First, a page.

Every single one of us plays a role in violence prevention—whether it’s something we’re exposed to directly or not. We want you to have the ability to recognise when a problematic situation is taking place and feel empowered to effectively interrupt the behaviour, providing it is safe for you to do so.
It is our aim to raise awareness around the ways in which abusive behaviour is embedded in our culture as well as the subtler issues that support a potentially harmful environment. Our programs challenge the root attitudes, beliefs and behaviours that normalise violence against women, inequality, racism, discrimination and bullying within our society. We recognise that in order to facilitate change, we need to open a dialogue about the dynamics and context of all forms of violence.
You may recognise that violence and discrimination don’t align with your values, but how often do you take a deep dive on the topic in an interactive environment? In our violence prevention programs, we create a safe space for people to share their opinions as well as any experiences they may have had with problematic behaviour to bring light to issues that are often left undiscussed.
Imagine a world where everyone thought of themselves as a leader. Where problematic behaviour wasn’t ignored because people felt too unsure about how to handle it. Effective leadership is what stands between us and a peaceful, safe society.
At MATE, we believe that change starts with the individual. Our violence prevention training is based on the idea that not only do we have an opportunity to do the important work around raising the bar on acceptable behaviour, we have a responsibility. It is the work we do at an individual level with our peers that has a ripple effect on the people within our sphere of influence and ultimately makes the difference. This is the philosophy that underpins our approach to violence and discrimination prevention. We help to develop effective leaders who have the tools to action change within our greater community.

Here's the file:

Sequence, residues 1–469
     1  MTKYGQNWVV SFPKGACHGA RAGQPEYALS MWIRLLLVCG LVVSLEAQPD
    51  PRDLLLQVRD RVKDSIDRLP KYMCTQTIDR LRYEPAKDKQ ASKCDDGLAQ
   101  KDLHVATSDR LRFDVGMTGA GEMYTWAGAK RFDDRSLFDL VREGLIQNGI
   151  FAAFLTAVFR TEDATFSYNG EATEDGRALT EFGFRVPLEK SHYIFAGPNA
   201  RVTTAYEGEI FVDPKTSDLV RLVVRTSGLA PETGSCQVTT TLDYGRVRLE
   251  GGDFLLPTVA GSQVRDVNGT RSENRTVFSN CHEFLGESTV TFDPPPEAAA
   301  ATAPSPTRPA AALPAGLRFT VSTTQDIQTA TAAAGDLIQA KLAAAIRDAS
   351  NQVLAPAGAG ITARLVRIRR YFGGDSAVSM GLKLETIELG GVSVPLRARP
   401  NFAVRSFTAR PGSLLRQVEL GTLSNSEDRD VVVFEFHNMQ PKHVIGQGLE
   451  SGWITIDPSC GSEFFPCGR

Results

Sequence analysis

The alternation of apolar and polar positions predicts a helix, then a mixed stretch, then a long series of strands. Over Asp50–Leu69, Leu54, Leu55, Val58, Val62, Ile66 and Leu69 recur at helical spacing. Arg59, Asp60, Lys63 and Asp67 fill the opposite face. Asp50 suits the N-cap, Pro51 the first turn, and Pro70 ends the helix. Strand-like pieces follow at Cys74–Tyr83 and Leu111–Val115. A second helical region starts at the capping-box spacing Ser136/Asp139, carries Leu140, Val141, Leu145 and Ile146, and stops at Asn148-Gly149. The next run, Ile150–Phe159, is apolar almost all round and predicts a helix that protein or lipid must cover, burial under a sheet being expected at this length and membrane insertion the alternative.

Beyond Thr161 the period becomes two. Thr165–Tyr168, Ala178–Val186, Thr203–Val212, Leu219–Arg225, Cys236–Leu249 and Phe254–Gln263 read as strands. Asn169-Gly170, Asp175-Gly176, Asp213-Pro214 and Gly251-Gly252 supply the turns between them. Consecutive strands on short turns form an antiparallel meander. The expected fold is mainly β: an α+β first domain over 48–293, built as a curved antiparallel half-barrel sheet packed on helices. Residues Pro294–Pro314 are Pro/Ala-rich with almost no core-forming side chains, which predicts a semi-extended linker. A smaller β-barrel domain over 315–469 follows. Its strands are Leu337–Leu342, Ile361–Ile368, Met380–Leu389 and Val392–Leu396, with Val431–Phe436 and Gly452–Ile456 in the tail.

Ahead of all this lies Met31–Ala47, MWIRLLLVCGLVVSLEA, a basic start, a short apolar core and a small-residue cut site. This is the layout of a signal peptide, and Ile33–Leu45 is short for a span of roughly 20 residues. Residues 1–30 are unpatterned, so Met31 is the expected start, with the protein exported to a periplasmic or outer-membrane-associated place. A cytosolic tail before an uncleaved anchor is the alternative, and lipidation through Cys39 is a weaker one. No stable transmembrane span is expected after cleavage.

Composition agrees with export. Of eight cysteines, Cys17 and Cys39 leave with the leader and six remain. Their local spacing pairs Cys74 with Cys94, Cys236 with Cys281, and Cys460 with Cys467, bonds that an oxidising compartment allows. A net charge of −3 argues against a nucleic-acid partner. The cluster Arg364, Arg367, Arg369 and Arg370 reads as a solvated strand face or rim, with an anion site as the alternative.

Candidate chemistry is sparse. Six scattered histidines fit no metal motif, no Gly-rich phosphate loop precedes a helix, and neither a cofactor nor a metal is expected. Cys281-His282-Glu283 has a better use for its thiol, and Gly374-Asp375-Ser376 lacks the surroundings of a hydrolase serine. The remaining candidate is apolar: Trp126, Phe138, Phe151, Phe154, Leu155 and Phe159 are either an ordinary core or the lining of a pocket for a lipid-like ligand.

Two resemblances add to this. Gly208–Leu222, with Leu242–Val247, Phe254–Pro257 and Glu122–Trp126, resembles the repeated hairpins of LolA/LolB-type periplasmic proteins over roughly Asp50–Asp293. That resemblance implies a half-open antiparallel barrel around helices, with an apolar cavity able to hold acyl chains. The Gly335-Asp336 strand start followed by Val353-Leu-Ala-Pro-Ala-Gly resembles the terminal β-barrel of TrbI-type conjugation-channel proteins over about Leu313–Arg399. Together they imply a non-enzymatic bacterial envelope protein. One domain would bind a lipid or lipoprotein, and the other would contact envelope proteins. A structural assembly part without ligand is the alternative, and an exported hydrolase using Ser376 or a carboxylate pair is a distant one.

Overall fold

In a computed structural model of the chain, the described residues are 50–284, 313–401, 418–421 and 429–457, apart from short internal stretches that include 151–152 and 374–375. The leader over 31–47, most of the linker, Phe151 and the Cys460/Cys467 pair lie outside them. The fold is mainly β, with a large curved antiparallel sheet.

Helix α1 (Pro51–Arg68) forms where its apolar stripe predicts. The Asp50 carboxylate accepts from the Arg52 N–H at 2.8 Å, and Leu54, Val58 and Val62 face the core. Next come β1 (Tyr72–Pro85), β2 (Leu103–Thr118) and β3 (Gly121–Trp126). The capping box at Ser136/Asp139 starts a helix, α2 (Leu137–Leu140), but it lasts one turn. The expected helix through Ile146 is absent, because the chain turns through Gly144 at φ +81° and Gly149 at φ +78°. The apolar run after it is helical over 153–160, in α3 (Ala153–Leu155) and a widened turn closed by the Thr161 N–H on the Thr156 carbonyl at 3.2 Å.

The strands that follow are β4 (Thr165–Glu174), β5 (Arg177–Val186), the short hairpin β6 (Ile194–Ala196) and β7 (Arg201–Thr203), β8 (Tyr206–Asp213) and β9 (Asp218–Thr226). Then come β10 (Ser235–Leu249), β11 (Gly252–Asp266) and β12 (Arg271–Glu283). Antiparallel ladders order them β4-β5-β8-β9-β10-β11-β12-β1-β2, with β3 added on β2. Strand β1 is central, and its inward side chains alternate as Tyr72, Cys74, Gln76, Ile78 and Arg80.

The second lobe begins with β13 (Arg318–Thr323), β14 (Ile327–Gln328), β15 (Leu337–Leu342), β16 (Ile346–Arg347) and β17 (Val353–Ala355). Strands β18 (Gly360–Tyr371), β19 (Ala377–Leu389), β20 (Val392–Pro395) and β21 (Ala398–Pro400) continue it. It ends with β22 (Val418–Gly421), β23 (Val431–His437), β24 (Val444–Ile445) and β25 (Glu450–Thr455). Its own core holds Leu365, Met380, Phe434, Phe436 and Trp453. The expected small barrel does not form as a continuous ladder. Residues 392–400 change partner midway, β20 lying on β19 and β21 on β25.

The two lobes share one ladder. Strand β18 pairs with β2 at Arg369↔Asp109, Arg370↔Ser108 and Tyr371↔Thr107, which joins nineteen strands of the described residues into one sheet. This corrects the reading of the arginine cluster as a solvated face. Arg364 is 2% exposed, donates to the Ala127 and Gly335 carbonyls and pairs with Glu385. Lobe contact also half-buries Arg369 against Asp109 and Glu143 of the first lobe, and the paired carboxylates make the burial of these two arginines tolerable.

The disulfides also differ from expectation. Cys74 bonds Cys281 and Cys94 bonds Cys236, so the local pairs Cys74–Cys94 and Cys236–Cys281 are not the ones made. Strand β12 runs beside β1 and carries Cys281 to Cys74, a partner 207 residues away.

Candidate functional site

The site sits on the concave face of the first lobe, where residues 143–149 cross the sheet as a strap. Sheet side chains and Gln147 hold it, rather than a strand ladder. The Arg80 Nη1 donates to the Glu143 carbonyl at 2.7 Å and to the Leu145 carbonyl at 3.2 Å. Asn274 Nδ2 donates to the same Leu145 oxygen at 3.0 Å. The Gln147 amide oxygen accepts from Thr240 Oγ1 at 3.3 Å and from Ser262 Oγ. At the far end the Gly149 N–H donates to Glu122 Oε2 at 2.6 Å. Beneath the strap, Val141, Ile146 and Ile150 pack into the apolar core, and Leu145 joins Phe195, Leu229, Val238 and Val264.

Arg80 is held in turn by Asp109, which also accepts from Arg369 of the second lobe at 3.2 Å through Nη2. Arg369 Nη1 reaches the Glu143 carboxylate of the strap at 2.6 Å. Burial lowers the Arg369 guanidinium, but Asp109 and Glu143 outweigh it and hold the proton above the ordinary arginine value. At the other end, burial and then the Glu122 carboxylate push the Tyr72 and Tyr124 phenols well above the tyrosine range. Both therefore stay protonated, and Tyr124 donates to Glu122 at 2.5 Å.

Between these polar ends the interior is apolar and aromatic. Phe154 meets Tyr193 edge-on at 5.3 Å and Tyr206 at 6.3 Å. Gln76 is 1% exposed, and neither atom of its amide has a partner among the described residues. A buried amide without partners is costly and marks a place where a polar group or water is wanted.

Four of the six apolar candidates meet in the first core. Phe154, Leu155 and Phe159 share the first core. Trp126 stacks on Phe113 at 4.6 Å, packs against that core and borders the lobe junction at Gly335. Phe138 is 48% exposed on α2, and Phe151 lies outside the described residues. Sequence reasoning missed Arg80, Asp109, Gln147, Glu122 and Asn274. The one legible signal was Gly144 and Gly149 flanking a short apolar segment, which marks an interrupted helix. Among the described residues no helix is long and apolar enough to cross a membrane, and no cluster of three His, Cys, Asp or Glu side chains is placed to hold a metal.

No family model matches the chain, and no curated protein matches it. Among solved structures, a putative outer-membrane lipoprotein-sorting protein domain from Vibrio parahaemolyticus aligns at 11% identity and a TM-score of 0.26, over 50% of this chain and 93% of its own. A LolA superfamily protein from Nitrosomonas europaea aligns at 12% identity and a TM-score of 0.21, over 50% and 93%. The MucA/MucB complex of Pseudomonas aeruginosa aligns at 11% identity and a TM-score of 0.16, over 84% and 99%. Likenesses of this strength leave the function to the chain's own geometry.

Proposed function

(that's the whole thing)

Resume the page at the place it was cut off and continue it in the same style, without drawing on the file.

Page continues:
Shaan Ross-Smith has a long history of working with both victims and perpetrators of violence. Shaan holds post graduate qualifications in Psychology and is also the Chair of the Board at DV Connect – Queensland’s largest hotline for people seeking refuge from domestic violence.
Professor O’Leary is the Co-Chief Editor of International Social Work (SAGE) , Professor of Social Work and International Lead – School of Human Services and Social Work and also oversees the MATE program as the Director of the Violence Research Prevention Program.
BUSINESS & OPERATIONS MANAGER
With qualifications in justice studies, youth work, aboriginal and intercultural studies, and public sector management, Kirsty brings a unique skillset to the MATE team. Kirsty has a passion for positive social change and a thirst to end inequality in all its forms.
Our facilitators are educated, passionate, knowledgeable and focused on social justice to make a positive difference in the world. They come with years of experience working in the domestic and family violence sector, both with victims and perpetrators. They share their stories from these experiences and facilitate an active discussion on the best ways to approach similar situations that participants may face. Visual examples and clips from popular culture are employed to highlight how pervasive gender inequality, discrimination and racism are and help to explain these issues as they stand today.